It’s finally official: Wonder Woman may have been based around the Greek Gods of Olympus, but the movie also introduced a Native American demi-god to the DCEU, too. Those familiar with Native American mythology, deities, creation myths and the Blackfoot language in particular may have been the first to know it, but now all DCEU fans can know the truth about one of Steve and Diana’s closest friends. He may seem like a man of few words, but Chief is no man at all: he’s the Blackfoot demi-god ‘Napi.’
Exactly what that revelation means for the film, potential explorations of the series or movie universe, or gods and demi-gods in the DCEU is hard to define. But whatever the future holds, the displaced ‘Chief’ of Diana’s World War I squadron is a being of divine origins, according to the script and actor. Which means the history of ‘Napi’ and the ramifications of this fantastic, blink-and-you-miss-it mythology will be required reading for the Wonder Woman superfans from hereon out.
Chief’s Secret Identity
The detail was caught early on by a handful of indigenous writers and reviewers (Vincent Schilling of Indian Country Today for one), but was understandably missed by those not fluent in Blackfoot. It was a moment of dignity for indigenous viewers when actor Eugene Brave Rock’s ‘Chief’ appeared in Wonder Woman to begin with, revealed as Steve Trevor’s smuggler friend selling goods to both sides of the war. But when he introduced himself to Diana with a traditional Blackfoot greeting, calling himself ‘Napi,’ those who spoke his language took the real meaning.
He was no ordinary man, but Napi – also known as Old Man among the Blackfoot, a trickster god who is also famous as the world’s Creator. He’s a touchstone figure throughout most Native American traditions, known by names like Coyote, Nanabozho, and Gluzkap, among others. It was unclear at first if the name was simply a loving touch from Brave Rock himself, or a joke to himself and between he and Diana. But when i09 reached out to Brave Rock directly via Twitter, he set the record straight:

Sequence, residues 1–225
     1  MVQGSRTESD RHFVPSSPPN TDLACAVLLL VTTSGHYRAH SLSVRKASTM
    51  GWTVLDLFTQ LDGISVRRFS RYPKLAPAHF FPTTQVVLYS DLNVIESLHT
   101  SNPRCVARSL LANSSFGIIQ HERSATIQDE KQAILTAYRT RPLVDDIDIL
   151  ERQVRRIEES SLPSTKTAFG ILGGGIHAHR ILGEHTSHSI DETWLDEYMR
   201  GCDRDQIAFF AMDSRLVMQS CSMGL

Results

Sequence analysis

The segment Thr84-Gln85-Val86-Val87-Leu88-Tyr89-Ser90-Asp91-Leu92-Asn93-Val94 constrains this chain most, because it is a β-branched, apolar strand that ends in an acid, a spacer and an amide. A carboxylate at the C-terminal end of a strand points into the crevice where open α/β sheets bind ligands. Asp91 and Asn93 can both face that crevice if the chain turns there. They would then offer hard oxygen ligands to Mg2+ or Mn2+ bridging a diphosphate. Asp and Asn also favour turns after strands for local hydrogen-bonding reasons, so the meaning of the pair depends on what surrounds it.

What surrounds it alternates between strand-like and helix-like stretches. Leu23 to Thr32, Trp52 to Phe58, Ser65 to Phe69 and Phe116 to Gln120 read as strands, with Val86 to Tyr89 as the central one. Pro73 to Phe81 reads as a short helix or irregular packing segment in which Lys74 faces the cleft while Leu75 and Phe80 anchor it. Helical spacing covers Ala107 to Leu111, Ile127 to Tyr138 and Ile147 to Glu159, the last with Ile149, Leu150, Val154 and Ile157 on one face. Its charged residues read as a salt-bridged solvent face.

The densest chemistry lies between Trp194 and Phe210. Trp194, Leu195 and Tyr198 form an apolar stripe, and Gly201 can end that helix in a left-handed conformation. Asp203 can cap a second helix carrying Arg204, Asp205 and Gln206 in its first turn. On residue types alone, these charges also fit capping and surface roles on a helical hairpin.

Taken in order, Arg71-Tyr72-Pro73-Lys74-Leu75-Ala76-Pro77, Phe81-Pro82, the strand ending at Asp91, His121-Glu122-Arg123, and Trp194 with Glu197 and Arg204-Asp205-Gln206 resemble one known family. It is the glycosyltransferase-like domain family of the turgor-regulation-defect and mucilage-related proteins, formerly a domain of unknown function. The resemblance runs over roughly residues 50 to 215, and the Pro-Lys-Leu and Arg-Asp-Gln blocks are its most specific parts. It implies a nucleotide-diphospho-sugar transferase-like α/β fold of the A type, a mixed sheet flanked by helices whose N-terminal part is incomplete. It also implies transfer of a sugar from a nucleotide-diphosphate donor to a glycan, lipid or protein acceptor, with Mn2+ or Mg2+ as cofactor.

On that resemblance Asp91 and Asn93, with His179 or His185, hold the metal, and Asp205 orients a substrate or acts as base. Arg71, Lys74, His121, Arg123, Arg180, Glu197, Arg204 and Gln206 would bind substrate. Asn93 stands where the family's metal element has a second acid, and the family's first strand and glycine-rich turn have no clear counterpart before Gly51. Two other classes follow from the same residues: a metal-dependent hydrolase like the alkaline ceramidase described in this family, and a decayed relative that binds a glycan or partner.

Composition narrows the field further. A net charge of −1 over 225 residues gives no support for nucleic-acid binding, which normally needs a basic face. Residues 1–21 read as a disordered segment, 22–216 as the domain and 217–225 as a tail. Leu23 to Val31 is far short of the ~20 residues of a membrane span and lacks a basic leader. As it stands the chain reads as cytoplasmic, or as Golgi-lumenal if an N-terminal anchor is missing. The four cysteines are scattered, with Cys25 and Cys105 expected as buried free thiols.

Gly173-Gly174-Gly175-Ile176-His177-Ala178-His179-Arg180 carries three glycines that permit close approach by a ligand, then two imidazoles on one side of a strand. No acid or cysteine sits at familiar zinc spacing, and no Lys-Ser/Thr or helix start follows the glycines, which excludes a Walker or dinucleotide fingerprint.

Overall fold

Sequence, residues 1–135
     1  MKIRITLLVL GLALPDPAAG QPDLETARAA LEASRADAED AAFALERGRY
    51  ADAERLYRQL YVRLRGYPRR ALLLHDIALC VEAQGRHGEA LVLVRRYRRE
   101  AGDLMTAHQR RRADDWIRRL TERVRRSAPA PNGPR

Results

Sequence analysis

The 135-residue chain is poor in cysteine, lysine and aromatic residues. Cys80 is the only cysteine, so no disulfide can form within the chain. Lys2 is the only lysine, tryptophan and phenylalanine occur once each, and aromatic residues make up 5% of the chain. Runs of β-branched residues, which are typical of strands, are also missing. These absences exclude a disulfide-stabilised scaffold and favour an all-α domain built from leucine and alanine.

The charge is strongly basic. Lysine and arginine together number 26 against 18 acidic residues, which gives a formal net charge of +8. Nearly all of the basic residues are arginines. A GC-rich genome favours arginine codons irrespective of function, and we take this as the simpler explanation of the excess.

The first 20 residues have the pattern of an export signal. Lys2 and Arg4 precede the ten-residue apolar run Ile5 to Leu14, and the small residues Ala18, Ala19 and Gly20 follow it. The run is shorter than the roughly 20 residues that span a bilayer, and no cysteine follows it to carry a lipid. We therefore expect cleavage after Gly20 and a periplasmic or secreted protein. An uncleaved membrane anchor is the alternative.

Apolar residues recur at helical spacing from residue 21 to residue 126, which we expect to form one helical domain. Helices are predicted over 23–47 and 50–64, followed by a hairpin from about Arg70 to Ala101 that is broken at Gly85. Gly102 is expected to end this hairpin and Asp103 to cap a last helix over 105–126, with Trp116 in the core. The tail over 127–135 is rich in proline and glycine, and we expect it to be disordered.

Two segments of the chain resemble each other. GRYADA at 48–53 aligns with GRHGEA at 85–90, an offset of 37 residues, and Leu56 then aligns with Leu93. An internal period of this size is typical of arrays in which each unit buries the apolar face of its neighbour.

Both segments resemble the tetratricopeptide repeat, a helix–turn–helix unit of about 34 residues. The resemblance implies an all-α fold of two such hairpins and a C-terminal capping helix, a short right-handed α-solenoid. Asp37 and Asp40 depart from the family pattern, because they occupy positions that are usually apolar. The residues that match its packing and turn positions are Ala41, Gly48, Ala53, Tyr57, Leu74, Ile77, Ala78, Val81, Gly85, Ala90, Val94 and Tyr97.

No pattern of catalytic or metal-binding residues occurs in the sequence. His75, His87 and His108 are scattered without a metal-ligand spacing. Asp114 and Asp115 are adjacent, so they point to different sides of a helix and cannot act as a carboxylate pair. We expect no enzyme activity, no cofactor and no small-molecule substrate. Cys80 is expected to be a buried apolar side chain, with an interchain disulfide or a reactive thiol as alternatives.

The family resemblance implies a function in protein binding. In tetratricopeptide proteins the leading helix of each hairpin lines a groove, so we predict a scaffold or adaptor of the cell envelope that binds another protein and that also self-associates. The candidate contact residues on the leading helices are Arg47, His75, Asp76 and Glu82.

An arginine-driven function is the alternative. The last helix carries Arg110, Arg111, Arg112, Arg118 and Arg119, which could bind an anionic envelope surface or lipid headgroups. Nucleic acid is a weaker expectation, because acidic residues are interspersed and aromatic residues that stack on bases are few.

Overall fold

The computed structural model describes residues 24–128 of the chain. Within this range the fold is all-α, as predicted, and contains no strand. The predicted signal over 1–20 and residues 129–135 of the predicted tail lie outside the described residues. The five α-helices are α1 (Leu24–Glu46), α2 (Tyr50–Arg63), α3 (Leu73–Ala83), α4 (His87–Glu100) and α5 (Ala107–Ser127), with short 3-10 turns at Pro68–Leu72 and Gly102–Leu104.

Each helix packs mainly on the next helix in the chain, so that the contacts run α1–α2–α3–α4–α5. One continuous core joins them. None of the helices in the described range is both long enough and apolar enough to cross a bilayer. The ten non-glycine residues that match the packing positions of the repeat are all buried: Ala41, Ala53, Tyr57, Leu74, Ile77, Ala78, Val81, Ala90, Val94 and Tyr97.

“We wrote [Napi] in the script. And yes “Napi” is a Demi god… Blackfoot culture hero and Demi-god.”
A reference delivered in another language is one thing, but as Brave Rock clarifies, Chief’s real name being ‘Napi’ and the interpretation that the character was also the demi-god were in the script. And you don’t make that kind of clarification lightly. So, what are fans to take away from this reveal beyond the obvious? Well, Diana and Steve succeeding in their mission thanks to help from a Native American demi-god is certainly the most direct addition to the story. But dig a bit deeper, and it may enrich the broader story of Wonder Woman, World War I, and the DCEU as a whole.
What Does It Mean For The DCEU?
First off, there’s the note that Napi is, in this version of the story, a “demi-god” as opposed to what some may claim is the rightful title of Creator God (no mixture of divine and human parents here). That being said, Ares, a ‘full-blooded’ god treats Diana as his equal, despite her mother being… well, not entirely godlike. So it would seem that ‘demi-god’ is simply a term applicable to godlike beings of the DCEU actually walking around on Earth (perhaps as part of Lex Luthor’s ‘Meta Human Thesis’ in BvS). Since Napi is known to take many physical forms, he fits that description.
Those looking to the world of DC Comics for precedent aren’t likely to find much. The publisher has featured heroes of or tied to Native American mythology, but rarely in the form of actual gods or folk figures. The character of Old-Man-Coyote did appear in Vertigo’s Ghostdancing, but considering how little Brave Rock’s ‘Chief’ resembles an actual talking coyote… the connection is flimsy. He’s a creation for the film universe alone… though we can’t yet know if he will continue his role in Wonder Woman 2.
How It Improves The Movie
The real depth of the detail is in Napi, or Chief’s own story as it can now be understood in the film. Director Patty Jenkins elaborated on the character in Wonder Woman: The Art and Making of the Film by explaining that Brave Rock was given freedom to develop his character’s look. At the same time, Jenkins acknowledges the cultural stereotypes at play, but points to Wild West Shows of the period as explanation. Native Americans performing in Europe at the time would likely be dressed to that same stereotype… but now there’s another reason Chief is dressed in the clothing of a bygone era.
As he explains in the movie, ‘His People’ in America had been wiped out by that time by Steve’s. And while Diana interprets his intentions as merely profit (which he doesn’t correct), he is only seen refusing payment later. In other words, Napi has traveled to Europe, now providing sustenance for the victimized, displaced, and enslaved. While also battling those who seek to commit these crimes in an alliance of American, European, and African nations.
The movie or the larger DCEU may not explain why that’s so powerful a subplot left out of the spotlight… but now those who spot it can appreciate Jenkins and Brave Rock’s work to its fullest.
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